Inbound and OutBound Email Flow


Attachment Sets


See the Configuring Attachment Management definitions and policies page for further details.


Most malware is hidden in attachments. As such, it is important to restrict what attachments are allowed in and out of your environment. Attachment sets provide a list of attachments, that can be used to configure what file types should be allowed, blocked, linked, or held when being sent outbound or inbound into your Mimecast account. A default attachment set is created during the Connect process. It uses Mimecast's best practice dangerous file types, all of which are set to be blocked.


Attachment handling can also be applied to assist in reducing bandwidth and resource abuse by users. The largest part of a message is always the attachment, so enabling restrictions to attachments will assist with efficiency levels with regards to email processing and storage.

Attachment set policies are available on specific Mimecast subscriptions.

Blocked Senders


See the Configuring Blocked Senders policies page for further details.


Blocked senders policies are almost identical to anti-spoofing policies, but they are applied to all types of email: inbound and outbound.

It's more efficient to create a blocked sender policy against a profile group, and to maintain all suspect email addresses and domains into that profile group. This means that any number of specific email domains or email addresses can be blocked, without the need to create a new blocked sender entry for each offending domain or address.

A policy from "EXTERNAL" to "EXTERNAL" is created by default to prevent open relay out to another external environment. You cannot make changes to this policy. A new blocked senders policy can be created to override aspects of the default policy, but you cannot configure an additional "EXTERNAL" to "EXTERNAL" blocked senders policy.


If you wish to allow external email to relay to another email address, you can add this address to the "Relay" folder under Directory | Profile Groups (commonly used when forwarding from exchange to external contacts). There is a policy in place for this that is assigned to a relay folder.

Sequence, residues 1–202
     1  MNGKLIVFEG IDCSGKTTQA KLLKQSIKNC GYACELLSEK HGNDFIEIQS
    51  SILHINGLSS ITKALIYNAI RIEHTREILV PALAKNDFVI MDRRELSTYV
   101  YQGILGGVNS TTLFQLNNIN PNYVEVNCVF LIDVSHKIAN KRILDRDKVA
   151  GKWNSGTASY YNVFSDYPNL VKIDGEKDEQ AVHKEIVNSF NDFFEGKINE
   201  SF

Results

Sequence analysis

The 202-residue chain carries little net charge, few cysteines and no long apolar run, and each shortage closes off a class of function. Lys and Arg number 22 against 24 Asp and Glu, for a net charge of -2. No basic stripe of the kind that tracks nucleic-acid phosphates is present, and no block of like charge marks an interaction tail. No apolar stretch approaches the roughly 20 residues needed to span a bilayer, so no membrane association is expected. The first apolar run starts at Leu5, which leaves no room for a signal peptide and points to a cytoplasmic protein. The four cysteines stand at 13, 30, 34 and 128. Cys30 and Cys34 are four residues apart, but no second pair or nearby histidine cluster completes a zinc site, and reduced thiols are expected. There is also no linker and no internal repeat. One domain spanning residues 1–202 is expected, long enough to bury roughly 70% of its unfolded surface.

Email Size Limits


See the Configuring Email Size Limits policies page for further information.


By default, the maximum acceptable size is 100 MB for legacy gateway customers, and 200 MB for customers utilizing the latest gateway.


Suspected Malware


See the Configuring Suspected Malware definitions and policies page for further information.


Mail containing the following file types in a ZIP file, are held in the hold review queue and marked as suspected malware:

  • EXE
  • COM
  • PIF
  • SCR
  • CPL
  • MSI


Encrypted ZIP files are not affected by this system. The intended recipient receives a notification and will need to ask their administrators to release the message. This system works independently of any attachment management policy that you may have created and can be bypassed via a suspected malware bypass policy  We do not recommend that you implement such a policy, as it means new virus outbreaks might go undetected while signatures are being updated. This ensures comprehensive protection for all customers regardless of their individual settings.


The default suspected malware definition and policy are implemented by default for all inbound emails.


Archive Limit Reached / Archive Extract Error


See the Configuring Message Passthrough policies page for further details.


Archived limit reached means that one of the following limits has been reached:

  • 5 levels of .ZIP file recursion.
  • 10,000 files per .ZIP file.
  • Maximum unpacked file size 100 MB.
  • Total maximum unpacked size 2GB.
The "Archive Extract Error" gets thrown for unsupported .ZIP files (e.g. .ZIPX).

As the platform was not able to correctly extract the archive it couldn’t be examined against your policies and definitions. The message is automatically placed in the on hold queue, allowing you to examine it and take appropriate action.